Bird Fact Friday – Traditional Gull ID Problems

Adapted from pages 20-22 of Gulls Simplified:

Why has gull identification been presented as such a feather-splitting challenge? First, we humans seem obsessed by the need to find and classify differences, whether these have a bearing on species differentiation or not—that is, we like splitting hairs, or in this case, feathers. Fine and well; who doesn’t enjoy a challenge?

This photo shows two common species in the left foreground. Photo credit: Kevin Karlson.

But gulls, because of their complex plumage array, simply overwhelm most observers.

Also exacerbating the challenge of gull identification is the avocational focus on finding birds that are outside their conventional range—that is, “rare birds.” By placing added value on finding Slaty-backed Gulls or Yellow-legged Gulls
among the ranks of far likelier but similar species, we at times complicate the identification challenge. This almost mandates that plumage be the foundation of gull identification insofar as differences between similar species, particularly
those found within an evolving species complex, are mostly feather deep.

But if we embrace the nature of probability and accept that rare and unusual species are unlikely to be encountered, the challenge presented by North American gulls becomes greatly simplified, reduced to telling Ring-billed Gull from Herring Gull and California Gull, birds whose size and structural differences do readily distinguish them. Instead of fighting probability by aspiring to find birds outside their normal range, we advocate embracing probability and letting it work for you, not against you.

Gulls Simplified
A Comparative Approach to Identification
By Pete Dunne and Kevin Karlson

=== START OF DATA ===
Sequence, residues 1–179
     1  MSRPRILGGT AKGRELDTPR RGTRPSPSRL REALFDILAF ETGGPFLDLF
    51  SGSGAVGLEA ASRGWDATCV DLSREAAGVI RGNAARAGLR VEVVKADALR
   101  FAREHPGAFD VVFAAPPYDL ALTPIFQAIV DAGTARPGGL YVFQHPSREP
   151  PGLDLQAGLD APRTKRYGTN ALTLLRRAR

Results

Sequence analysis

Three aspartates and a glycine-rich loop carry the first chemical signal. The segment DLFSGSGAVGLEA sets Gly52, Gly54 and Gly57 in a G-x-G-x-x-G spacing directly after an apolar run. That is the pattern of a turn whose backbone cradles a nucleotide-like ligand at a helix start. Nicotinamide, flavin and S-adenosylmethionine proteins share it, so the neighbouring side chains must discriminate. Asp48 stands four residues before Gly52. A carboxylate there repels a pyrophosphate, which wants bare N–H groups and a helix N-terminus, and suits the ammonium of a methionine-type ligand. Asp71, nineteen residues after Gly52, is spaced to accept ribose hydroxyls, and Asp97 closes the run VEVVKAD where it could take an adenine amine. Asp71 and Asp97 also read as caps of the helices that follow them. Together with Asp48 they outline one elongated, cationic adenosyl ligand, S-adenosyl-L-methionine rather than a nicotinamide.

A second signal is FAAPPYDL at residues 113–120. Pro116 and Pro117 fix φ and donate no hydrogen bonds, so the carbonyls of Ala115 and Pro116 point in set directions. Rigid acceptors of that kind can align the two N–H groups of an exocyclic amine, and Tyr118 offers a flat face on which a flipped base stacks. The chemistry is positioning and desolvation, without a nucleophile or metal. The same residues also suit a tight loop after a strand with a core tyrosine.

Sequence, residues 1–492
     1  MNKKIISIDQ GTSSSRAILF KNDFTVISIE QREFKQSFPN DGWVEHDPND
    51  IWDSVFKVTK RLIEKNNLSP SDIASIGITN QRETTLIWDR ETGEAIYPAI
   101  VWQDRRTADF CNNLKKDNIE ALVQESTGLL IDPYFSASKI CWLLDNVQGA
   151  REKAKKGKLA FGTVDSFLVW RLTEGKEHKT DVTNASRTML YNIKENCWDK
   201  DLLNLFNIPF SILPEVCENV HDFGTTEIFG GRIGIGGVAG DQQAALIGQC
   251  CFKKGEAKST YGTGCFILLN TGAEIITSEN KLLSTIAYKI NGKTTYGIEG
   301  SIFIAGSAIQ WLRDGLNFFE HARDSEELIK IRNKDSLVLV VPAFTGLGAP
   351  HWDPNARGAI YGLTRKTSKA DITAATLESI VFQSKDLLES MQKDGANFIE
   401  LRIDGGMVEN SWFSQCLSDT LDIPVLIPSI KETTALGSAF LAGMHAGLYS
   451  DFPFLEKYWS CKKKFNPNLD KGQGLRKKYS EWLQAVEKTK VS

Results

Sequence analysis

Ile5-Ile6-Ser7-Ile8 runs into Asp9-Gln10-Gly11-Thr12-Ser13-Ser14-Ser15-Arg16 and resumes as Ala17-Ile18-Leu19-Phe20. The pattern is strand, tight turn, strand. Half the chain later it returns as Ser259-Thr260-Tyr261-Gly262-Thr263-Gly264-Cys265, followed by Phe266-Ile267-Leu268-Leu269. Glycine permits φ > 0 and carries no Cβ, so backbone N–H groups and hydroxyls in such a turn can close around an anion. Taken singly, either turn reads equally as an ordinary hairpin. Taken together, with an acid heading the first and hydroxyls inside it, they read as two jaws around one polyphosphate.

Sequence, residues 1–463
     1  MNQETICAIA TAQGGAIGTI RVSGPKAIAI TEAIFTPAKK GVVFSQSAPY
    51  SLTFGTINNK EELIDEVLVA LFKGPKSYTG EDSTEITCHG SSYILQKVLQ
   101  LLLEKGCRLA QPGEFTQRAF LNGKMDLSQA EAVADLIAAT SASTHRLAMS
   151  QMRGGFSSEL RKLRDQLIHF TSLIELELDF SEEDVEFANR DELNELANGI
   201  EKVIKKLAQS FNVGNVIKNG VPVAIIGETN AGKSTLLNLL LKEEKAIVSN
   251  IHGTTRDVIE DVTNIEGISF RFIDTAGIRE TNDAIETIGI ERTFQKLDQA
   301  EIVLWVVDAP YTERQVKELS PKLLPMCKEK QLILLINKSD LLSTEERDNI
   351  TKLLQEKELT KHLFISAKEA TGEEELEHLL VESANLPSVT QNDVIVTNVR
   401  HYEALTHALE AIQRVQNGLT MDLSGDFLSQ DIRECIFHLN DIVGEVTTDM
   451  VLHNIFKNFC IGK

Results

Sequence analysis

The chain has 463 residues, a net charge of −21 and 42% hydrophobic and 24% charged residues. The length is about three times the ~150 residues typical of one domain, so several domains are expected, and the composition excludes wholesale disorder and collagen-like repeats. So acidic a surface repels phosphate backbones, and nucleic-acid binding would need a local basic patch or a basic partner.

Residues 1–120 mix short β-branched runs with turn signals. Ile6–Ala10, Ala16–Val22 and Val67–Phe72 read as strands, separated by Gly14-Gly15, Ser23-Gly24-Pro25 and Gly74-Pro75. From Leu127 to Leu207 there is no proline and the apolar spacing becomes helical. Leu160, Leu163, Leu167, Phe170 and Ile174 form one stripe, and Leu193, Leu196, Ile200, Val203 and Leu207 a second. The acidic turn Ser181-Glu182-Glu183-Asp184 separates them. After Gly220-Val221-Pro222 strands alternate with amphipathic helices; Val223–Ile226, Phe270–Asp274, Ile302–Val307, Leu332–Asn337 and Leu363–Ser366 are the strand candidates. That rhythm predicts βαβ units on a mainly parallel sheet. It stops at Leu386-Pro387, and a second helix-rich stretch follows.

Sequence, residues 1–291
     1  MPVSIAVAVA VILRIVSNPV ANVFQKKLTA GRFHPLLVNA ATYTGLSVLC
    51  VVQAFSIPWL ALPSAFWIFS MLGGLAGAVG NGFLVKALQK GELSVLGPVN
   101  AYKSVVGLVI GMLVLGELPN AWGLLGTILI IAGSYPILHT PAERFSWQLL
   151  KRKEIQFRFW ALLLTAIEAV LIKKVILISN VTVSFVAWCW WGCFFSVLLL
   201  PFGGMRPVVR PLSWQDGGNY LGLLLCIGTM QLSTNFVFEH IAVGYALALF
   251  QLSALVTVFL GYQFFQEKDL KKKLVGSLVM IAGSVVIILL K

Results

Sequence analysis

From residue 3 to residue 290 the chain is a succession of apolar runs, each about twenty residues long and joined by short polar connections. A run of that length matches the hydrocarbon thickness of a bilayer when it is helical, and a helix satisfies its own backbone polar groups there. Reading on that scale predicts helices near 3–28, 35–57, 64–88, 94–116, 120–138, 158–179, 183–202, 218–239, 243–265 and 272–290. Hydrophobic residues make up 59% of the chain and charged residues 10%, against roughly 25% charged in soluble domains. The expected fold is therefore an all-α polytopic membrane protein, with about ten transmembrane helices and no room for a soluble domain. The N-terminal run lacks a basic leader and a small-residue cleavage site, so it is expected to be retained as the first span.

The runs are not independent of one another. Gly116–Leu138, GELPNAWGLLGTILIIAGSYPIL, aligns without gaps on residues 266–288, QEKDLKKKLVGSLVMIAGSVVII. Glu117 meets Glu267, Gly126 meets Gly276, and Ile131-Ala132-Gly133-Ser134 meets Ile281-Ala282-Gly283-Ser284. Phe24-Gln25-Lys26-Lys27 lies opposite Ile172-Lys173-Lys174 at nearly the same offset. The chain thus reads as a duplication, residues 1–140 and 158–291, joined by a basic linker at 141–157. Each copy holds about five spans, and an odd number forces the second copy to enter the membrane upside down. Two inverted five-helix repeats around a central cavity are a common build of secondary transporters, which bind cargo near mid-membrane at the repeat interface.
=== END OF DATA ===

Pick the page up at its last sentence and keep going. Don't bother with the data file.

This unique photographic field guide to North America’s gulls provides a comparative approach to identification that concentrates on the size, structure, and basic plumage features of gulls—gone are the often-confusing array of plumage details found in traditional guides.

Featuring hundreds of color photos throughout, Gulls Simplified illustrates the variations of gull plumages for a variety of ages, giving readers strong visual reference points for each species. Extensive captions accompany the photos, which include comparative photo arrays, digitized photo arrays for each age group, and numerous images of each species—a wealth of visual information at your fingertips. This one-of-a-kind guide includes detailed species accounts and a distribution map for each gull.

An essential field companion for North American birders, Gulls Simplified reduces the confusion commonly associated with gull identification, offering a more user-friendly way of observing these marvelous birds.

  • Provides a simpler approach to gull identification
  • Features a wealth of color photos for easy comparison among species
  • Includes detailed captions that explain identification criteria and aging, with direct visual reinforcement above the captions
  • Combines plumage details with a focus on size, body shape, and structural features for easy identification in the field
  • Highlights important field marks and physical features for each gull